Simulating strategies: County preps for possible evacuation scenarios
What if the winds shifted and pushed the Williams Fork Fire toward Fraser? What if the Fraser Valley was evacuated on a weekend? What if a major wreck occurred on US Highway 40 during an evacuation?
These are just some of the questions Grand County’s Headwaters Incident Management Team evaluated on Wednesday afternoon during a preparation training for a potential evacuation due to the Williams Fork Fire.
So far, there are no evacuations in the Fraser Valley.
“We want residents to know that we’re thinking about these things and planning for them,” said Schelly Olson, public information officer for the management team.
In an effort to get an idea of how the team’s evacuation plans would work in real life, Greater Eagle Fire District Chief Doug Cupp brought a simulation table that models fire behavior, human behavior, wind, weather, topography, traffic, fuels and evacuation zones.
Cupp input information specific to the Fraser Valley and the Williams Fork Fire so that the models would be as close to accurate as possible. The data on fuels is provided by the U.S. Forest Service.
“It’s able to test what you have in place and what, in real life, could happen,” Cupp said. “The thing to keep in mind is — all models are wrong, but some are useful.”
Olson explained that with the U.S. Forest Service Type 1 Incident Command Team in charge of the fire, the Headwaters team is focusing on logistics regarding potential evacuations. The goal of the simulations was to test those plans against a variety of factors.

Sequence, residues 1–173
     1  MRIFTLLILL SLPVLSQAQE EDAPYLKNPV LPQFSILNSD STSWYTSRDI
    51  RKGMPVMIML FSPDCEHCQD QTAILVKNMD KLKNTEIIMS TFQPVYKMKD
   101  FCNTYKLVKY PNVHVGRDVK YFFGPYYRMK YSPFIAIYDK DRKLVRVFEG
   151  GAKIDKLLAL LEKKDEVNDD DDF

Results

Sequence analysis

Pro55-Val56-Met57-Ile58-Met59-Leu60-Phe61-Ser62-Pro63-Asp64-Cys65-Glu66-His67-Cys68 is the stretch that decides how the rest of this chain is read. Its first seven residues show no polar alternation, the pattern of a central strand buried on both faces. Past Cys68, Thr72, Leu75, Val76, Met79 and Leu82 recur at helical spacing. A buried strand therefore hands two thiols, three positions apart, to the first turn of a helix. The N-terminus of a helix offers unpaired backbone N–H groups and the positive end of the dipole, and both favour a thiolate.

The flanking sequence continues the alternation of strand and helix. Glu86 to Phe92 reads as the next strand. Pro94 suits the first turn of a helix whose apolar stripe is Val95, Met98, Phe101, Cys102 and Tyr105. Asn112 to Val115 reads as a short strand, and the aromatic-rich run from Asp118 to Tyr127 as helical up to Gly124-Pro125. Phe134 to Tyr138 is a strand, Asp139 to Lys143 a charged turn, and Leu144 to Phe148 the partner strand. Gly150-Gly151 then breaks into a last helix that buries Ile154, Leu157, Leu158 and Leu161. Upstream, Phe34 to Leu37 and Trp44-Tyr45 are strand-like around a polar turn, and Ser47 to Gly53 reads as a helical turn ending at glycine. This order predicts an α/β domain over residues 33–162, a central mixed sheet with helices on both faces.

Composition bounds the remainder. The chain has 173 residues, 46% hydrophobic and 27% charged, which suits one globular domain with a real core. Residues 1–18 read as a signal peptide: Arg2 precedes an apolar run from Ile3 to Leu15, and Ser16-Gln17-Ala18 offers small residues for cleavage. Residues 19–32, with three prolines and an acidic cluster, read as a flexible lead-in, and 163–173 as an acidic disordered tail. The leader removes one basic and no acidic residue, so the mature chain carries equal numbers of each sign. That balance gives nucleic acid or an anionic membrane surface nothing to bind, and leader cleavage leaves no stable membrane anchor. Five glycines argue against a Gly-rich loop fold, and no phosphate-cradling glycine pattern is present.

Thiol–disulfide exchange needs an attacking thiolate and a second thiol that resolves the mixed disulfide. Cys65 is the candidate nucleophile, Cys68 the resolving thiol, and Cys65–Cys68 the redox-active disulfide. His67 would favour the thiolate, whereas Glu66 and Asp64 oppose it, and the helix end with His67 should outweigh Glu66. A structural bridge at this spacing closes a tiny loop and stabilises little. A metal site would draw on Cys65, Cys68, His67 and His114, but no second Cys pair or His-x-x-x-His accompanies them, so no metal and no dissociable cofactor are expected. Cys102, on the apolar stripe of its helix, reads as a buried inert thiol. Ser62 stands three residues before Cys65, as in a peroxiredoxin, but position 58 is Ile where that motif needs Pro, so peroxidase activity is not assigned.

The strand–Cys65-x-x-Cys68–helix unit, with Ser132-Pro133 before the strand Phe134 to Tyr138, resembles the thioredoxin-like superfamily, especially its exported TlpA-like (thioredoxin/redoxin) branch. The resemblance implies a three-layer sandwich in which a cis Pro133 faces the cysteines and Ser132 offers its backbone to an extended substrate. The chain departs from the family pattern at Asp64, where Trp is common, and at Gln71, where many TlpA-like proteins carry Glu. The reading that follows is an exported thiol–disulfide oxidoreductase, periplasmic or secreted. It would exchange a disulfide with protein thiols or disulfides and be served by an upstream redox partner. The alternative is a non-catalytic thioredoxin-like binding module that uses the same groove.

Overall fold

One model Cupp ran adjusted the winds to 40 mph from the northwest and it took a few days for the fire to reach the management action points defined by the command team as the triggers for evacuating certain parts of the Fraser Valley.
When Cupp began modeling evacuations, US Highway 40 got congested quickly. The simulation allowed incident command team members to identify important traffic control points and check those locations against potential human behavior.
“What I did build in a little bit is the chaos of people,” Cupp said. “We all know that people are going to do the damndest things.”
Noting the potential panic during an evacuation or extreme fire behavior day, the team prepared to have a designated information line to answer questions and direct people to evacuation centers.
Ultimately, after running several scenarios, Grand County Sheriff Brett Schroetlin, member of the incident management team, said he learned a lot from the thought exercises.
“It shows that we have time to act on our plans with where our action points are,” Schroetlin said.
The Headwaters Incident Management Team was created earlier this year as part of Grand County’s response to the COVID-19 pandemic and transitioned to the Williams Fork Fire when it broke out Aug. 14. It includes members from all of Grand County’s emergency response agencies.
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